Together with accomplished Land Arts of the American West alums Blake Gibson, Joseph Mougel, and Yoshimi Hayashi, I'll join a small group of Australian artists, in a traveling collaboration facilitated by Bill Gilbert and John Reid.

We're currently scheduled to split our four weeks there between:

*Calperum Station in the Riverland Biosphere Preserve, investigating the Murray River and surrounding Mallee scrubland;
*The cities and communities of Canberra, Sydney, Kioloa, and Hay; and
*The Far South Coast of New South Wales, exploring the marine environment of the Tasman Sea and nearby eucalypt forests of the coastal strip.

It'll be an unparalleled field research opportunity for me. Local experts will introduce us to ecological and community issues surrounding each site, and the rest of my time will be devoted to documenting, drawing, painting, and writing in the field. After my return, I'll spend the next several months creating a body of paintings based on the accumulated studies.

Another way to help me fund my trip is to check out my shop on Etsy! I'll have a series of rotating sketches and studies for sale there, many of which have appeared in my posts over the past few months, and many of which will be super-cheap (like, in the $15 - $35 range).


Monday, March 14, 2011

Oh, I feel like I've been gone forever! Thank you, persistent reader, for checking back in.

I've been at home, and well in health and spirits--but have been swallowed up in the process of making a brief video, introducing myself and my work, for a project to be announced later this week. I've never made a video before, so I've been playing around with the new media--my approach to it is a little like a four year-old poking a jellyfish with a stick. In the process, I've also been sorting through some footage; most of it is me doing some plein-air work, and rather uneventful...and did I mention the video I'm to eventually to make is rather serious and professional?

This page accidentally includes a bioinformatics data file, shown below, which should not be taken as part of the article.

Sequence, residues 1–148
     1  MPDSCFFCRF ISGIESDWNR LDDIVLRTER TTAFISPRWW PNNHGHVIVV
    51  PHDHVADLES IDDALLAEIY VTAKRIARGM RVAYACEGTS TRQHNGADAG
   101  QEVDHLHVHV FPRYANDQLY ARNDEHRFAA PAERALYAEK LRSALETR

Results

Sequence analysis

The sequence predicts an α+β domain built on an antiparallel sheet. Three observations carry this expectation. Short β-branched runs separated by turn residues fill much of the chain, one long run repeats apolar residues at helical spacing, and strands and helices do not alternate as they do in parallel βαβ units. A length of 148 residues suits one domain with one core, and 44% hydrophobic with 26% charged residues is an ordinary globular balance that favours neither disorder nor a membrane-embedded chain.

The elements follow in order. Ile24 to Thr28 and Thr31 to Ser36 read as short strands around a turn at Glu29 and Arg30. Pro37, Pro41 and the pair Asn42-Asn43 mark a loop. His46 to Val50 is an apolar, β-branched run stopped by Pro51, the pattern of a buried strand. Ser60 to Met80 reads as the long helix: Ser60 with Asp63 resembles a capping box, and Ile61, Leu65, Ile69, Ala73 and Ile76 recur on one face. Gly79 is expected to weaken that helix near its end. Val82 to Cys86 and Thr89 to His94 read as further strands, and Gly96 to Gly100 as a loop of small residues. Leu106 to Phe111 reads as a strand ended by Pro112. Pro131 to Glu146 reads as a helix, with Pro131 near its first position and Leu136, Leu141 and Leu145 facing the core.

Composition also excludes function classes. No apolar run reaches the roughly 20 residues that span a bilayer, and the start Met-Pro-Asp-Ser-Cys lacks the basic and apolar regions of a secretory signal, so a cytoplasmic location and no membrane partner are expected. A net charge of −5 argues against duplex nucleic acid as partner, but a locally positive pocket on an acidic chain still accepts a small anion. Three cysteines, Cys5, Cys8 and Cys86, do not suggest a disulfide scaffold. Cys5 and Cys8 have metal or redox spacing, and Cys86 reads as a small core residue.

This combination of things has resulted in my being FORCED to make a practice video. You know, to lighten the mood. And make five minutes of plein-air painting seem really action-packed. And to somehow involve the Aquabats.

There's...pretty much no way you'll be as amused by this as I am.

(But to be fair, I'm really amused by it, so you never really stood a chance.)

Monday, March 7, 2011

More publicity (for the paintings, which is gratifying), this time in Albuquerque Arts Magazine: "Body Images: Albuquerque artists explore the human form and its relationships."  (Melody Mock, writer.)

Here's an excerpt that pertains specifically to my work, which closes the article:

Cedra Wood uses a tiny paintbrush to create her small paintings, intricate in composition and content. Not only does she tell stories through her paintings; she also paints the psychological distance between people.
 "Where there is a human figure, there is a character; and where there is a character, there is a story. To paint a person is to create a hundred narratives, since every viewer brings their own associations and assumptions and sympathies to the image," she says. "A lot of my work is about the distance between people, and the way that we relate to each another, and to the environments in which we find ourselves – what better way to do that than to literally depict people?"

Wednesday, March 2, 2011

Having fun tonight, brainstorming whether, and how much, to decorate my violin, once it reaches the finishing stages...

I printed out a low-res copy of the back of the Guarneri I'm using as a guide, and then used ink and acrylic paint to see how I feel about painting that will cover the majority of the surface.

I'm torn! The patterning is fun and distinctive, but it seems a shame to cover so much of that lovely wood. I'll play with a few more drafts and see what I can do to strike a balance.